Migrant workers will soon be able to get easier access to help on work issues and disputes. This comes in the form of a new buddy network system and a 24-hour helpline.
SINGAPORE: Migrant workers will soon be able to get easier access to help on work issues and disputes. This comes in the form of a new buddy network system and a 24-hour helpline.
Mr Nasiruddin, a 40-year-old from Bangladesh, has been working in Singapore for seven years and is glad at that he will be able to seek help more easily when it comes to work issues or disputes.
This is because the Migrant Workers’ Centre (MWC) has set up a Dormitory Buddies Network. This comprises groups of volunteer dormitory residents who have experience working in Singapore and are better known amongst their countrymen living in the dormitory.
They will form a residents committee in their dormitories — to serve as a voice for fellow residents.
Nasiruddin said: “Easier, we always working, always busy, cannot go to the Ministry of Manpower. We inform this committee, this committee settle for me or my other colleagues.”
Apart from attending regular dialogues with MWC, the group will also help to detect early signs of potential disputes so that MWC can intervene at an early stage to help workers reach a fair resolution.
Yeo Guat Kwang, chairman of the MWC, said: “We would like to also see how we can proactively engage all the workers because I think for the last few years, we are like fighting fire, helping all the workers who are distressed.
“We hope to actually see how (we can) better engage them, have a better understanding of what’s happening on the ground. I think if you look at a few cases in the past, sometimes it is too late when the matters become big, I think it is important for us to handle it when it is still small so that we can prevent damage.”
They also have direct access to MWC if there are urgent issues, as well as provide workplace advisory services and facilitate engagement and awareness building activities among dormitory residents.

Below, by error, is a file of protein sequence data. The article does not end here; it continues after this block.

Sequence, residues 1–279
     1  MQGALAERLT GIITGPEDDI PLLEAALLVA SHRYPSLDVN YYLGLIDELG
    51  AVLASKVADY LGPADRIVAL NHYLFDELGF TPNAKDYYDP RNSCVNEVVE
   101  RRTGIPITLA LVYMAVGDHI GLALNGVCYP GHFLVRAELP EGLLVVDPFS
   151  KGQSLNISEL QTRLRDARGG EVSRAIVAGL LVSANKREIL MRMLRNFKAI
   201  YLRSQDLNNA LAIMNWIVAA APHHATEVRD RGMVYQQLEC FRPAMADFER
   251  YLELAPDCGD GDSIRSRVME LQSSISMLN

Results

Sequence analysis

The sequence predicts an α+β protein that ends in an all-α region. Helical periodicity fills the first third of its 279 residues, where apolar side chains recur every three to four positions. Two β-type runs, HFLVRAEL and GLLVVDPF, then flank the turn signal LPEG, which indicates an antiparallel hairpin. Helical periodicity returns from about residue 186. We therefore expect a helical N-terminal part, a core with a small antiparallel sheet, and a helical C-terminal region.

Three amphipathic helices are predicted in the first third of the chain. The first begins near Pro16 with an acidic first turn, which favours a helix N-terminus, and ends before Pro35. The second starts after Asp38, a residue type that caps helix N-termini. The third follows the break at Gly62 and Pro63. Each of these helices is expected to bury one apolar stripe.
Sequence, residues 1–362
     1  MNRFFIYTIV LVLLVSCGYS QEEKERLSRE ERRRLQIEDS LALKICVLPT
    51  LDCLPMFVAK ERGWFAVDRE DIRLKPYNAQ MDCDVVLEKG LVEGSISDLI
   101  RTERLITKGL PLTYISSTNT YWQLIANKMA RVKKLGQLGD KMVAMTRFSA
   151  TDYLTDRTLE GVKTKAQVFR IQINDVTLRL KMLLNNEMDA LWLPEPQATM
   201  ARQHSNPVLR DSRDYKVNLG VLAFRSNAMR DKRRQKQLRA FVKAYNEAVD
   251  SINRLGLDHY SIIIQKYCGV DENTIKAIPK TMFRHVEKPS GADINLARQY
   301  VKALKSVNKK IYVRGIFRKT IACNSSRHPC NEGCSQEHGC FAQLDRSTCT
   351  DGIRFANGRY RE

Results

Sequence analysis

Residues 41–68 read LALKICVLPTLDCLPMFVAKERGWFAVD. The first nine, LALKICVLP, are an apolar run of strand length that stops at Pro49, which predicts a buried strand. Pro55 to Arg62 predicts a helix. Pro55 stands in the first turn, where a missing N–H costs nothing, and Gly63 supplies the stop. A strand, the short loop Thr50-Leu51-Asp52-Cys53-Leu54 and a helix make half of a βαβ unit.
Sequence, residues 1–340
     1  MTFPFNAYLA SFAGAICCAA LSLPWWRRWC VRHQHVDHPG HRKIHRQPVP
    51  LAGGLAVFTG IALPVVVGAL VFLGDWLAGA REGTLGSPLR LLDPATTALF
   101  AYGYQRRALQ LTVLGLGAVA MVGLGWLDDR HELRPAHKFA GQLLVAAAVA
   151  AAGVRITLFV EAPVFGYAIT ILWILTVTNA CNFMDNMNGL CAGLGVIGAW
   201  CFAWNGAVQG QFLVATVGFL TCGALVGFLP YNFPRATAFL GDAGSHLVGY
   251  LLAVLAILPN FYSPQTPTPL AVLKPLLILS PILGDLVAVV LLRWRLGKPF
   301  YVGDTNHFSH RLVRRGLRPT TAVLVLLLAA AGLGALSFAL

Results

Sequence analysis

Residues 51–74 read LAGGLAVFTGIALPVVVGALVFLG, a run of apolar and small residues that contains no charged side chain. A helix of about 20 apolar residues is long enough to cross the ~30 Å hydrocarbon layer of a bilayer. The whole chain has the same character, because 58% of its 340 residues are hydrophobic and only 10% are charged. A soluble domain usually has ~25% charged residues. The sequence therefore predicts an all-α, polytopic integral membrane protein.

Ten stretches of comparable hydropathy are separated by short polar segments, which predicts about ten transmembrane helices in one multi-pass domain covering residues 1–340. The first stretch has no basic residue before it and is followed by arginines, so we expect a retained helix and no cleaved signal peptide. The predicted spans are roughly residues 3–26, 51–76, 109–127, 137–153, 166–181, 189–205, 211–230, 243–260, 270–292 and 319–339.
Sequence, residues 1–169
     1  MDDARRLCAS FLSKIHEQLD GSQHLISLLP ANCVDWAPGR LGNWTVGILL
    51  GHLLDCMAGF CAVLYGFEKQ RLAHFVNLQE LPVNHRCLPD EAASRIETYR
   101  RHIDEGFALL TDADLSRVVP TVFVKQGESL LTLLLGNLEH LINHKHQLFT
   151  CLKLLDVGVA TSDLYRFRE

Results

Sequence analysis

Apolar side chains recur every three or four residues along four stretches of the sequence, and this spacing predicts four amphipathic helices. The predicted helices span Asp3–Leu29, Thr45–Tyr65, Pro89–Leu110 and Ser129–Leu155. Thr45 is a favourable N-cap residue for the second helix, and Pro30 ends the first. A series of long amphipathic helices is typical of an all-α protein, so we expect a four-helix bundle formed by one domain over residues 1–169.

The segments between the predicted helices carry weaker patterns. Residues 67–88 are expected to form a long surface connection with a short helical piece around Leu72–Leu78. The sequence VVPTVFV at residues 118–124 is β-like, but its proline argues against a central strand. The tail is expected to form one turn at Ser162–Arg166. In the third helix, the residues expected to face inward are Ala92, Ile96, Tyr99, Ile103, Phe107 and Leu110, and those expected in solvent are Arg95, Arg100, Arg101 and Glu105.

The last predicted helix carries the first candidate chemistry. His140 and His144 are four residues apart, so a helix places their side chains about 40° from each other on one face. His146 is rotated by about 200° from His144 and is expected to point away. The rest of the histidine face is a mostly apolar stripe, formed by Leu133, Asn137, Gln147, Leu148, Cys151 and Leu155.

The pilot buddies network at Soon Lee Lodge comprises 10 residents, which include Bangladeshi, Myanmar nationals, and Indian workers.
MWC will continue to visit all major migrant worker housing facilities until the programme is rolled out in every dormitory.
It hopes to have similar networks in all the 38 purpose-built, large dormitories within a year’s time.
The MWC has also set up a 24-hour helpline. Workers can use it to have their questions answered, report errant employment practices, and even request for urgent emergency humanitarian assistance.
Card sleeves bearing the helpline number will be distributed to all migrant workers upon entry into Singapore within a year for them to put their work permits. The card sleeve is available in English, Mandarin and Tamil.
The 24-hour helpline will be available by the first quarter of 2014.
Mr Yeo was asked if the initiatives were launched in response to the 2012 illegal strike by SMRT bus drivers from China.
He said: “No, I think it’s not so much just only SMRT’s case but we have seen a number of cases where migrant workers take matters into their own hands.
“I think it’s important for us to raise the awareness, and to ensure that all migrant workers in Singapore understand that there are already well-established platforms and channels to actually help them to seek re-dress if they have any disputes with their employers, or in any way that they face any problems, whether it is in the workplace or in the place they live in.”
Set up on April 26, 2009, the Migrant Workers’ Centre (MWC) is a bipartite effort between the National Trades Union Congress and the Singapore National Employers Federation to improve the welfare of migrant workers in Singapore.